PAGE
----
Thursday, 14 May 2009

MANCHESTER FICTION PRIZE...£10,000 for a short story. Go for it, writers!

The Manchester Fiction Prize 2009
First prize: £10,000
Deadline for entries: 7th August 2009
Entry fee: £15


The Writing School at Manchester Metropolitan University is launching The Manchester Fiction Prize – a new literary competition celebrating excellence in creative writing.

The Manchester Fiction Prize is open internationally and will award a cash prize of £10,000* to the writer of the best short story submitted. The competition is open to entrants aged 16 or over; there is no upper age limit.

A bursary for study at MMU will also be awarded to an entrant aged 18-25 as part of the Jeffrey Wainwright Manchester Young Writer of the Year Award*. Eligible entrants are asked to indicate on the entry form if they would like to be considered for the Manchester Young Writer of the Year Award in addition to the main prize.

All entrants are asked to submit a complete short story of up to 5,000 words in length. The story can be on any subject, and written in any style, but must be new work, not published or submitted for consideration elsewhere. The competition will be judged by distinguished novelists and short story writers Sarah Hall, M. John Harrison and Nicholas Royle.

The Manchester Fiction Prize celebrates the substantial cultural and literary achievements of Manchester, building on the work of MMU’s Writing School and enhancing the city's reputation as one of Europe's most adventurous and creative spaces. The prizes will be awarded at a gala ceremony, held as part of the 2009 Manchester Literature Festival.

To enter the competition, click "online entry" in the column on the left of your screen. If you would like a printed entry pack for postal submission, or if you have any queries, please contact:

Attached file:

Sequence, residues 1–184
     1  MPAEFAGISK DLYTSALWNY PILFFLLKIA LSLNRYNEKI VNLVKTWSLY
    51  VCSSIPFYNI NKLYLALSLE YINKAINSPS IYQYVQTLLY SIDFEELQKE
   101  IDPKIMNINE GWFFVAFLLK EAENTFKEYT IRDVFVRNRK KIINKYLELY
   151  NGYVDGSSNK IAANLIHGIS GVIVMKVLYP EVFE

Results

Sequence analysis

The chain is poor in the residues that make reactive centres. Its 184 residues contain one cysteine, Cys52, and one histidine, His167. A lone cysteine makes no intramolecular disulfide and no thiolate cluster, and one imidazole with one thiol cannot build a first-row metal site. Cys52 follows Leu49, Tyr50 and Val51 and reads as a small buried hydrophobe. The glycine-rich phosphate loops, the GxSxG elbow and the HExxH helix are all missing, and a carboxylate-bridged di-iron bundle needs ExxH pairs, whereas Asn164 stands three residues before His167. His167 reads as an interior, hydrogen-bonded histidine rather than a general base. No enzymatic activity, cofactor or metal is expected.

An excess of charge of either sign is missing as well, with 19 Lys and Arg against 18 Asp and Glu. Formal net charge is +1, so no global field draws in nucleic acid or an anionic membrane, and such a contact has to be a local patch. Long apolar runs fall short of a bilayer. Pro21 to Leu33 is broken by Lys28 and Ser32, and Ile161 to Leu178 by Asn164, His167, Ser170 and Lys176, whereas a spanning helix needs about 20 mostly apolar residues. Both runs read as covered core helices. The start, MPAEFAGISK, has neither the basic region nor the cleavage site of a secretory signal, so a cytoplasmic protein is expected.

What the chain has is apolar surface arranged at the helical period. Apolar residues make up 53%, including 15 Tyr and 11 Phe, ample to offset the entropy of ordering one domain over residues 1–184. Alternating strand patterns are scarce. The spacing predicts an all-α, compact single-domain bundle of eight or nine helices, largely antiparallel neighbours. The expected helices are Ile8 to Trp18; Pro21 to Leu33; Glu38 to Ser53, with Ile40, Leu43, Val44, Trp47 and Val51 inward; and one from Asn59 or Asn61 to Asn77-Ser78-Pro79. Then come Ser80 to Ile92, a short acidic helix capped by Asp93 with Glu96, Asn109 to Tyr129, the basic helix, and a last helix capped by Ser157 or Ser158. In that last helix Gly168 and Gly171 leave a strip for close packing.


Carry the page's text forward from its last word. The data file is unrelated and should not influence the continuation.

James Draper
Project Manager: Writing School
Department of English
Manchester Metropolitan University
Telephone: +44 (0) 161 247 1787

Downloadable forms etc on their website HERE

7 comments:

Tania Hershman said...

Wait - £10,000??? Wow. Very nice. And judged anonymously, I assume. That's probably the largest prize for an anonymously judged short story comp. Well done Manchester, my alma mater. (Although I was in the physics department, not the English dept!)

Vanessa Gebbie said...

I know. very nice indeed. And brilliat affirmation of the value that is openly being placed on excellent short stories again... lets hope it continues to grow, T!

Good luck to all who enter.

TOM J VOWLER said...

So, Tania, are other big comps, such as the BBC National Story one, not judged annonymously, as far as you know?

Tania Hershman said...

The BBC National Short Story award asks for your publishing history, and the rules don't have that bit about not putting your name anywhere on your entry, so I assume it's not anonymous. Anyone else know any better?

Vanessa Gebbie said...

I have assumed that it is not anonymous.

Vanessa Gebbie said...

However, Bridport is, Fish is, the lovely new Manchester comp is.

But it is strange, I think. if I have two stories in front of me, one emblazoned with the name Raymond carver, and another by Mrs Phoebe Higgins, I will be predisposed, despite myself, to read the first with expectation of something good. And the second, not so.

So the second is disadvantaged before I even start reading.

Having said that, Clare Wigfall was not well known last year, and despite being up against the wonderful Jane Gardam, her story won!

Tania Hershman said...

Of course, that's the problem with non-anonymous judging (must be a better way to say that!). Clare's win was fantastic, but she is published by Faber so she has that going for her. Julian Gough's win was also fabulous, he wasn't a big name either. But I do feel that anonymous judging should always be the way, how can it hurt? This way, it's not just about the writing, is it? And shouldn't it be? I feel we've had this discussion before!